Health City Cayman Islands, a new, high-tech hospital in the Caribbean, is increasingly seen as a model for US health systems struggling to remain profitable in the face of razor-thin margins and declining reimbursement. Less than two hours by air from Miami, the planned 2,000-bed facility expects to attract American patients with high-deductible health plans seeking less expensive high-quality care.
As featured in a new documentary film, “From the Heart: Healthcare Transformation from India to the Cayman Islands,” Health City is the first development outside of India by Narayana Health, internationally regarded as one of the world’s lowest-cost, highest-quality healthcare providers.
The brainchild of famed heart surgeon Dr. Devi Prasad Shetty, who was Mother Teresa’s personal physician, Health City replicates the model that enables Narayana’s average cardiac hospital to perform thousands of heart surgeries per year for less than USD $1,400 per case – about 2 percent of the average cost for heart surgery in the US.
“Henry Ford proved that the commoditization of a product makes it cheaper, makes it better and makes it more efficient,” said Dr. Shetty. “I strongly believe that we have to commoditize the delivery of healthcare, and that is the model that Health City represents for the world.”
Narayana’s secret is a laser-sharp focus on efficiency, enabling some of the highest patient volumes in the world. Surgeons at Narayana Health City in Bangalore, India perform roughly 30 cardiac surgeries each day. That compares to 12 cardiac surgeries per day at Cleveland Clinic, which says it performs 20 times more cardiac surgeries per year than any other US hospital. Many of Heath City’s medical professionals have already performed thousands of surgeries in their respective careers, with outcomes that rival the best American facilities.
All Narayana providers are employees and they are invested in increasing productivity, streamlining processes, and improving patient care. High volume drives cost savings, and Narayana has taken an aggressive approach to every component in the supply chain, which enables it to provide basic heart surgery for a fraction of the cost in the United States.
US Healthcare Providers Watching Carefully
Health City is a joint venture between Narayana Health and Ascension Health, one of the largest US healthcare providers, which has said it is interested in learning from the Narayana model. But Ascension is not the only US health system interested in what’s happening in the Cayman Islands.
Robert Pearl, MD, CEO of the (Kaiser) Permanente Medical Group, the largest US medical group, wrote recently in Forbes that Health City “has American health care providers watching closely, and anxiously.” Dr. Pearl concluded that “the operational approaches in Dr. Shetty’s hospital are about 10 years ahead of those used in the typical US hospital.”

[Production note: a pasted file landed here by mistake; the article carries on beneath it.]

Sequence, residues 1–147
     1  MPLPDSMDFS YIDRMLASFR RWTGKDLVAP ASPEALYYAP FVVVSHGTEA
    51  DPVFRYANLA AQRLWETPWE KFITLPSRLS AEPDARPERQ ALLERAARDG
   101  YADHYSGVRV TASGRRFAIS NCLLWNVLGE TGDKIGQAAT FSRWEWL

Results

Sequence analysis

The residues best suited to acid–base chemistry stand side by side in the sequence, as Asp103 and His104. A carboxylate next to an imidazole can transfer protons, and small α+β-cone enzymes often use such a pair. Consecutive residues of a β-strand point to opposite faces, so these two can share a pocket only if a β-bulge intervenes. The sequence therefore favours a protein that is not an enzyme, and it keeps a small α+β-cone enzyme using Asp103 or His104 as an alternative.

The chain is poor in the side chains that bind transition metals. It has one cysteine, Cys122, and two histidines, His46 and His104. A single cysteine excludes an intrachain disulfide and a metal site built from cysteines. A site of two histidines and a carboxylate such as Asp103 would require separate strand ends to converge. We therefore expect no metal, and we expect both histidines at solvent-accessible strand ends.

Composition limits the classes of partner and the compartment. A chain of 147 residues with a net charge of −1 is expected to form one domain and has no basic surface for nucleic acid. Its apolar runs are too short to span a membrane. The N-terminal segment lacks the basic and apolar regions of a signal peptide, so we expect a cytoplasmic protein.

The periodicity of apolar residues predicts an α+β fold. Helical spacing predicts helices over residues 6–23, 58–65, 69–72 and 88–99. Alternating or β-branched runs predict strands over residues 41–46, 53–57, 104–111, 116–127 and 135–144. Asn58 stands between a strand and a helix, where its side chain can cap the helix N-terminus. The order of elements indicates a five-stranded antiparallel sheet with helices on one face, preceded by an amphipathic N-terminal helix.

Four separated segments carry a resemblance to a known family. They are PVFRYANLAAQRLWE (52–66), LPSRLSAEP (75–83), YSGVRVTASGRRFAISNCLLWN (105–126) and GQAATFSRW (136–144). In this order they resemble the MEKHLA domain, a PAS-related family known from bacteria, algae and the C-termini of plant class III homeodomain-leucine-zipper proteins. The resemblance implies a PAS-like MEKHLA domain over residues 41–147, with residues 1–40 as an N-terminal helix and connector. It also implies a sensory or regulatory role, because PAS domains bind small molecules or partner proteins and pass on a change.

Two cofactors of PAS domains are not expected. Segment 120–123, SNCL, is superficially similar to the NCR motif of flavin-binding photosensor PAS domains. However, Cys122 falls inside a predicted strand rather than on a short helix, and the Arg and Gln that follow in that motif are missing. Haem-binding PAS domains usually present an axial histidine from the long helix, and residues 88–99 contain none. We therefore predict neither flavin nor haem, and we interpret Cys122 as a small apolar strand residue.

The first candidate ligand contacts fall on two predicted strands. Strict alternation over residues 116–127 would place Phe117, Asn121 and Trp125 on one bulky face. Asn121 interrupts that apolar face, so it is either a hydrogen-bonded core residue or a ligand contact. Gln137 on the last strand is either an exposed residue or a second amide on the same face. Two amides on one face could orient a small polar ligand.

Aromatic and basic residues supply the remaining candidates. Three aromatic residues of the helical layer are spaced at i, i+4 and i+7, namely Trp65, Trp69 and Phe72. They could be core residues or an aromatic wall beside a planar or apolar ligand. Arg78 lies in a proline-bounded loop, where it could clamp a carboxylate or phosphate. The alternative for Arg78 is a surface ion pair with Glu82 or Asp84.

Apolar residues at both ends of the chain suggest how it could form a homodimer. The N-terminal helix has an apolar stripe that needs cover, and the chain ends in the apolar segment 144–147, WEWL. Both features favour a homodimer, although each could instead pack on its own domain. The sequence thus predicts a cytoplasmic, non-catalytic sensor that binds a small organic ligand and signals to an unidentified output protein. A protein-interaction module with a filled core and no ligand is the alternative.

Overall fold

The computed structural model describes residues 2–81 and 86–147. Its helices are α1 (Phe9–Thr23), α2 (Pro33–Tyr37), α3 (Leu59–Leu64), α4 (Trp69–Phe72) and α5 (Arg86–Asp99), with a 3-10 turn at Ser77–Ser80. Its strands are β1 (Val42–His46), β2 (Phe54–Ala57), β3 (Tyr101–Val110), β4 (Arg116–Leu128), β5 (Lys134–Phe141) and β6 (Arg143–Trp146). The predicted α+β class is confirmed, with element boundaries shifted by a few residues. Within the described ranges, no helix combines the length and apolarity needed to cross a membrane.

“Innovators like Toyota and Amazon consistently disrupt the leading organizations in their markets,” said Dale Sanders, former chief information officer of the National Health System of the Cayman Islands, now a senior executive of Health Catalyst, a Salt Lake City-based healthcare IT company. “Anyone that doesn’t believe that healthcare is being disrupted outside the boundaries of the US is not watching what’s happening in the Cayman Islands, and they’re not watching what’s happening in India. If you don’t believe that’s happening, you’re going to miss out on the opportunity to participate in this next wave and you may become disrupted yourself.”
Clear Pricing + Data + Process
Health City’s innovations begin at the ground level. Construction of the current 108-bed facility took less than 12 months and cost USD $420,000 per bed, about one-third the US average of $1.5 to $2 million, despite the relatively high cost of real estate in the Cayman Islands.
Real-time performance metrics are constantly available for administrators across the medical center. Analytics technology called iKare monitors lab results and clinical findings to predict potentially significant medical problems. Clinical teams are timed on their speed of response, with a particular focus on eliminating delays in treatment. Narayana Hospitals’ average time to an appropriate response is just seven minutes, significantly less than the average US hospital.
Eschewing the profit-center approach of US hospitals, in which key departments such as the operating room bill patients separately, Health City has only one profit center – the hospital. That arrangement aligns incentives to cut cost from every process. And to further simplify costs, the medical center provides an all-inclusive flat rate for every procedure covering every service.
“We’re one of the few hospitals in the world to publish our prices as a bundled flat rate,” said Chandy Abraham, MD, Health City’s Facility and Medical Director. “And that’s what you’ll pay, nothing more. You get one bill and you’ll never get another bill. It’s a model that gets a lot of attention when we talk with other healthcare providers.”
A large provider of charitable care, Narayana Health gives its executives a daily profit/loss statement so they can see exactly how much care they can give away to patients.
“We’re never going to match India and their costs,” said Health City Director Gene Thompson, referring to Narayana Health. “But we feel we can show that in a high-cost destination we can provide high-quality low-cost healthcare if we think outside of the box. It’s about saving lives and providing the highest quality healthcare to the most people at an affordable price, because humanity deserves it.”
Dr. Shetty added, “We’re all living in a global village. Healthcare has to be available to everyone on this planet, with dignity. We know it can be solved and I’m convinced it’s going to happen in our own lifetimes.”